In its annual 10-K report, which it filed with the SEC on March 1, Citi points out that in 2012 it and other financial institutions were hit by DDoS attacks that were intended to disrupt consumer online banking services. The bank also noted that additional challenges had been posed by external extremist parties, including foreign state actors in some circumstances, as a means to promote political ends.

Chase, Bank of America, Goldman Sachs, US Bank, HSBC, and CapOne also specifically mentioned DDoS in their 10-Ks. Each of these institutions acknowledges suffering from increased cyberactivity and notes that DDoS is an emerging and ongoing threat. I suspect that we will see more details through these filings as we go forward. And as consumers become more understanding about DDoS and are asking more questions, I think that banking institutions will be more willing to share details about these types of attacks in their SEC filings.

Now, it’s also worth noting that there has been some evidence that these attacks have been linked to some sort of financial loss, even fraud. In its SEC filing for year-end 2012, Citi notes that some of these DDoS incidents resulted in certain limited losses, as well as increased expenditures for monitoring against the threat of similar future cyber-incidents.

Citi goes on to say that data loss and the potential for malicious attacks waged in conjunction with DDoS cannot be ignored. Then, in December, local news reports in San Francisco noted that $900,000 had been drained from online accounts at Bank of the West after a DDoS attack hit the bank as a means of distraction. Bank of the West has not publicly stated much about this DDoS attack, but it has acknowledged that the attack occurred and has said that, since this time, it’s implemented enhanced DDoS mitigation strategy.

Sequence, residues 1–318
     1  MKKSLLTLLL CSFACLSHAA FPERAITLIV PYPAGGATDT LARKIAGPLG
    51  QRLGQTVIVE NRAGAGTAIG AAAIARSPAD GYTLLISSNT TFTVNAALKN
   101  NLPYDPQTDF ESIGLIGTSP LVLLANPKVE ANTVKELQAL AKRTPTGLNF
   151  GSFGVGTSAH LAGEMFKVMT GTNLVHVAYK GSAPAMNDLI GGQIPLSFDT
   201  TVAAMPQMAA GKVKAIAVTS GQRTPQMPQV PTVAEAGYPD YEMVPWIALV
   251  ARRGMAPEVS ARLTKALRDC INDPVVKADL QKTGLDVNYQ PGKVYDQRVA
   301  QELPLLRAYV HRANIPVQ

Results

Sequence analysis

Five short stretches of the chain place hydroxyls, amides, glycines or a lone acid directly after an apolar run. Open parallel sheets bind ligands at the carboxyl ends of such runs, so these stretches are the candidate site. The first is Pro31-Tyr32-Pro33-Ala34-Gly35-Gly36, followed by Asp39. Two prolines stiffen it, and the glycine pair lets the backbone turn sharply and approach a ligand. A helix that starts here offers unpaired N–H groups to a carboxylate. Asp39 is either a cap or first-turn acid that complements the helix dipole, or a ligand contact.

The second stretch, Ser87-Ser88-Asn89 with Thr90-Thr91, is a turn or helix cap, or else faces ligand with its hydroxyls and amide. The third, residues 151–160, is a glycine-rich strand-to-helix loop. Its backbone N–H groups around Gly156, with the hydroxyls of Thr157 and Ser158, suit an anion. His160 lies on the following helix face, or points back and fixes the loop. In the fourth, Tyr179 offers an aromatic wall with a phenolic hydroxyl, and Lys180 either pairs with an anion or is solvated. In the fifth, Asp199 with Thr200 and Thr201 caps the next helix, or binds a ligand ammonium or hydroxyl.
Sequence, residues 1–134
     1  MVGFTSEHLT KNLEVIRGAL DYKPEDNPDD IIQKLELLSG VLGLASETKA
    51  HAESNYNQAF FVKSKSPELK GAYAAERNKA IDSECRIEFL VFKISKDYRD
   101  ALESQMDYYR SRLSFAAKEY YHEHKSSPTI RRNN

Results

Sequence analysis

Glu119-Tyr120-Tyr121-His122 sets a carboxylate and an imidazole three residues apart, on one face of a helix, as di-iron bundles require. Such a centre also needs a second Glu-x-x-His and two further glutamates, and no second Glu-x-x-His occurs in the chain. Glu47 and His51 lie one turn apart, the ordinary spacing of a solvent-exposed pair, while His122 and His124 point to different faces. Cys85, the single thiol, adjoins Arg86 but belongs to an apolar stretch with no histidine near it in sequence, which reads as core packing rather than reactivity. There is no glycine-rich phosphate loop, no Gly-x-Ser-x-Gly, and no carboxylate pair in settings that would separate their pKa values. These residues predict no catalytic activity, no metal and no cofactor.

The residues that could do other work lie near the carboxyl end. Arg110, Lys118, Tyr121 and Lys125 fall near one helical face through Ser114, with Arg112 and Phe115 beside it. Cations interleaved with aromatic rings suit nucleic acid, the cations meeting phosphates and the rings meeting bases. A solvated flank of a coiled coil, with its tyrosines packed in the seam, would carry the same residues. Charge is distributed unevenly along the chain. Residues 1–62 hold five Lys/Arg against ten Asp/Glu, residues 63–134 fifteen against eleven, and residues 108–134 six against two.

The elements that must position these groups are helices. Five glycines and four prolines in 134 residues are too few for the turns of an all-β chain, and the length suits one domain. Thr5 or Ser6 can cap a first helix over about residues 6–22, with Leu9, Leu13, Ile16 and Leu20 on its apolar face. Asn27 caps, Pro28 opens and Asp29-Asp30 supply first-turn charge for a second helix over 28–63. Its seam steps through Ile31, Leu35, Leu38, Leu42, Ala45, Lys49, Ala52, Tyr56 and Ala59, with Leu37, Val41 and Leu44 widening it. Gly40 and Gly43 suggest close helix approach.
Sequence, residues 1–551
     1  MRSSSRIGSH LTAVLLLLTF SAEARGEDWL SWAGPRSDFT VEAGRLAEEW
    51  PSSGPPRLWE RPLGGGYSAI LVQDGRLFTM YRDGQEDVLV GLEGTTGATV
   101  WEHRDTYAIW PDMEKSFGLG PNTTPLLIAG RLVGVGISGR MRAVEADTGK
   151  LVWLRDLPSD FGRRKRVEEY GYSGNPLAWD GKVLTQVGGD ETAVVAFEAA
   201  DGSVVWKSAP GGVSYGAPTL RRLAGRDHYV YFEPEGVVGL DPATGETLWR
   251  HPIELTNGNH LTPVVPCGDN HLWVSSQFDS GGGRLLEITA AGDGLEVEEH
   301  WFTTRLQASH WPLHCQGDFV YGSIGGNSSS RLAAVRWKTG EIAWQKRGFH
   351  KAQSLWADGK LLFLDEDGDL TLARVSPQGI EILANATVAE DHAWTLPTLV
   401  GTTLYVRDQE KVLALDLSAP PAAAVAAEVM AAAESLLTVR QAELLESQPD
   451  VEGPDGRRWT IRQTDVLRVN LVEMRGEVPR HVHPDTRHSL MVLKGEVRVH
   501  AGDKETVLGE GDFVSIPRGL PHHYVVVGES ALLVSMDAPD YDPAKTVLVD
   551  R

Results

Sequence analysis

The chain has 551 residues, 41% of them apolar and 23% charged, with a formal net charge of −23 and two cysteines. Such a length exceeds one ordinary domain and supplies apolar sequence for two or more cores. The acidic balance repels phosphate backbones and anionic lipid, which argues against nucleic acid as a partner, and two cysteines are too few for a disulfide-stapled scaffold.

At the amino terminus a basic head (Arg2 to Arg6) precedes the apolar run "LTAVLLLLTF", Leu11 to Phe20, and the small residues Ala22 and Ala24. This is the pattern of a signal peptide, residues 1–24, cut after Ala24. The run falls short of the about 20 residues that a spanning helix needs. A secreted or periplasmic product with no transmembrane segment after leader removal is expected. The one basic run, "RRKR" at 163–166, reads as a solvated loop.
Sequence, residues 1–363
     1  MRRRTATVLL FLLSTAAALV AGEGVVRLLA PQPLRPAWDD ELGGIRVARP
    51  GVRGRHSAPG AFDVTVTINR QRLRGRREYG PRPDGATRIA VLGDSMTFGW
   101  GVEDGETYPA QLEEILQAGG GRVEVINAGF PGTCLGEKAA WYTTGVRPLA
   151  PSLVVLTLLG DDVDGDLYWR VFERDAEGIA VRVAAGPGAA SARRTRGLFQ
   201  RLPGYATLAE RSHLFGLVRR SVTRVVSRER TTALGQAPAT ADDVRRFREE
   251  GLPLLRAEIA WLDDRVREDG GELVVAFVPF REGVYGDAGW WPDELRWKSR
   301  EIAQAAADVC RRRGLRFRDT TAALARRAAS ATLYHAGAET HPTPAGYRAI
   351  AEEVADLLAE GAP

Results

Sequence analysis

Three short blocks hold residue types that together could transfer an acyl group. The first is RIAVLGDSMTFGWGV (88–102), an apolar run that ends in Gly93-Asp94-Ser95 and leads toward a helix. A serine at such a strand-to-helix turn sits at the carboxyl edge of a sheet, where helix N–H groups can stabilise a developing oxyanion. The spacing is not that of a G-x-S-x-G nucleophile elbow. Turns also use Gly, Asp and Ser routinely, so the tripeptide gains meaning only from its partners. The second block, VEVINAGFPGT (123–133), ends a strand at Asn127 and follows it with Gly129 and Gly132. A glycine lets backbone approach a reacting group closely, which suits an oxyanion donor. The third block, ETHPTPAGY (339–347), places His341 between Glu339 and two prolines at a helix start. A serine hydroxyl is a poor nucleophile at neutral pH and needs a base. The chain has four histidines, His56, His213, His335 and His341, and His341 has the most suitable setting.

So what’s next? From a banking perspective, we should be concerned about the potential for malicious attacks, attacks that are either waged by QCF or attacks that are waged by some other group, perhaps a criminal group that’s piggybacking on the efforts of QCF. Let’s not forget to look at Bank of the West as an incident of example. These attacks will continue, and the application-layer attacks will be the focus simply because they’ve proven to be successful. We also will see malicious attacks associated with some of these. Even if the attacks, as I’ve noted earlier, aren’t waged by QCF, they could be waged by some other group, and there’s nothing to say that this botnet robot that QCF has been using won’t be leased out and won’t be sold to some other group to use in attacks that are for a criminal purpose.

Smaller banking institutions and other sectors such as healthcare, energy and manufacturing are the next targets, and we’ve already seen evidence of this. In fact, Verizon notes that 2012 saw a dramatic increase in the number, size and complexity of DDoS attacks, and these attacks were aimed primarily at the banking industry in the United States. But banks and companies across Europe and the Middle East also were targets. Prolexic in the spring also noted that the utility sector was one that had been hit already, and this had been a target not only in the U.S. but also in Europe.